There was a time when a new FIFA launch was met with a shrug of the shoulders and questions about what kind of new experience the football simulation from EA Sports could add. To many, the game felt complete and a large part of the community always wants an evolution rather than a revolution from the developers.
FIFA 14 comes after a revolutionary installment last year and plenty of people were expecting only small refinements to be included, plugging gaps and adding a few new concepts. But the Ignite engine and the power of the Xbox One and the PlayStation 4 were put to good use to create an experience that delivers more realistic matches, more unpredictable results and more drama.
Crosses are no longer overpowered as more than two players can challenge for the ball with physics-driven results that are hard to predict.
Long-range shots dip and swerve like they do in the real-world stars like Messi, Ronaldo or Gerard are involved.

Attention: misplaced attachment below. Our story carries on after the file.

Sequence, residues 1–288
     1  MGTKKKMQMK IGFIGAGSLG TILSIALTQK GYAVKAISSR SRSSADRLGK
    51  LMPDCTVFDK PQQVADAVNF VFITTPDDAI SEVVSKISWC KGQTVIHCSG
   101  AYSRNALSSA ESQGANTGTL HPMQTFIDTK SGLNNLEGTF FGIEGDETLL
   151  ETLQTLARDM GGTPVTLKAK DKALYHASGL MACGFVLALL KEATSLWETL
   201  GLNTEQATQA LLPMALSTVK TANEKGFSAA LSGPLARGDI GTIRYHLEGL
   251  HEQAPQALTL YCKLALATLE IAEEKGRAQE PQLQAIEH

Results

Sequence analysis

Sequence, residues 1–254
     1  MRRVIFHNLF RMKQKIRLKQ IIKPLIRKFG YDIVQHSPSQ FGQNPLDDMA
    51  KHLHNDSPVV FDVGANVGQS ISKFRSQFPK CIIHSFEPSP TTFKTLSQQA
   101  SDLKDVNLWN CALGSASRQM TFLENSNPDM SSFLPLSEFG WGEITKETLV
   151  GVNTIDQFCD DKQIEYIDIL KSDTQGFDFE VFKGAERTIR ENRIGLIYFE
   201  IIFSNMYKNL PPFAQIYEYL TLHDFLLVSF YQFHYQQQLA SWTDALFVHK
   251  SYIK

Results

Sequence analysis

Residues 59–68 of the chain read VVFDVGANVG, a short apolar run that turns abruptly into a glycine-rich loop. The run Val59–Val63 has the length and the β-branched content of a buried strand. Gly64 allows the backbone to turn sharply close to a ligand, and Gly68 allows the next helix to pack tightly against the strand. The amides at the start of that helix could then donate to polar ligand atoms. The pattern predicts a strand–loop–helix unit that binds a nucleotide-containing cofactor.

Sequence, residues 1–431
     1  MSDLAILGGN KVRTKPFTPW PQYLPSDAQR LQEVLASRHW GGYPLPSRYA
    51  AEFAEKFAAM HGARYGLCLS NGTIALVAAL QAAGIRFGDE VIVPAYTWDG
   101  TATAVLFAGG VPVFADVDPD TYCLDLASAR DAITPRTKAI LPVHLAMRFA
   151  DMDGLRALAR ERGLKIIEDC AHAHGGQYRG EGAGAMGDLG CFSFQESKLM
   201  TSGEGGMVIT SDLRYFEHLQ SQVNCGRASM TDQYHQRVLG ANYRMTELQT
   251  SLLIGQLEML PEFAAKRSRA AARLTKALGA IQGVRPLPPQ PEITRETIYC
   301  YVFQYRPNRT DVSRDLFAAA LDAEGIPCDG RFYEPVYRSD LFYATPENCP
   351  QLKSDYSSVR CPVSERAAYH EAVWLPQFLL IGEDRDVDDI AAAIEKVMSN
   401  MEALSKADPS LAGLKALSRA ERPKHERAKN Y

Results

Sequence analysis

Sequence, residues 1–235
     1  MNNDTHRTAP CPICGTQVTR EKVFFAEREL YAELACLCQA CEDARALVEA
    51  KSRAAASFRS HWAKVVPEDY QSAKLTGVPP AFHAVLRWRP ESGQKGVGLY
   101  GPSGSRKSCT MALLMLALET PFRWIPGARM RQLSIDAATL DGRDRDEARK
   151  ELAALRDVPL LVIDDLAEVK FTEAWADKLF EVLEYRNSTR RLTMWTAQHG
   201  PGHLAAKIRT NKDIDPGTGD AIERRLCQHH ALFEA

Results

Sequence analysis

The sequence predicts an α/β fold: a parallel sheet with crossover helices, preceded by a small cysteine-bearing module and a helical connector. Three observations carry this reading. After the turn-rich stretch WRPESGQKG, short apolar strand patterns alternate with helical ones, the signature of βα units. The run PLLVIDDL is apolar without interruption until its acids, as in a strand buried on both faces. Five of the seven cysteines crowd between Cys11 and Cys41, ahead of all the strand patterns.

Through passes are often stopped by solid defenses, but draw cheers from the public when they reach an attacker in a position where he is not guarded by a defender.
The entire game is more unpredictable and even a gamer who carefully weights every pass and tries to think ahead will have to deal with botched shots, better than expected challenges or fumbles that lead to a change in possession.
I sometimes miss the almost clinical precision of previous instalments of the FIFA series, but the game as it exists today will satisfy all those who crave the same excitement and level of surprise that characterizes the best national championships in the real world.
The problem with FIFA 14 is that the enhancements I have listed are at the moment only offered to those willing to buy a next-gen device from Sony or Microsoft.
Let’s hope that by this time next year, PC players, and possibly even those on current-gen consoles, will also be able to experience them in the 2014 installment of the game.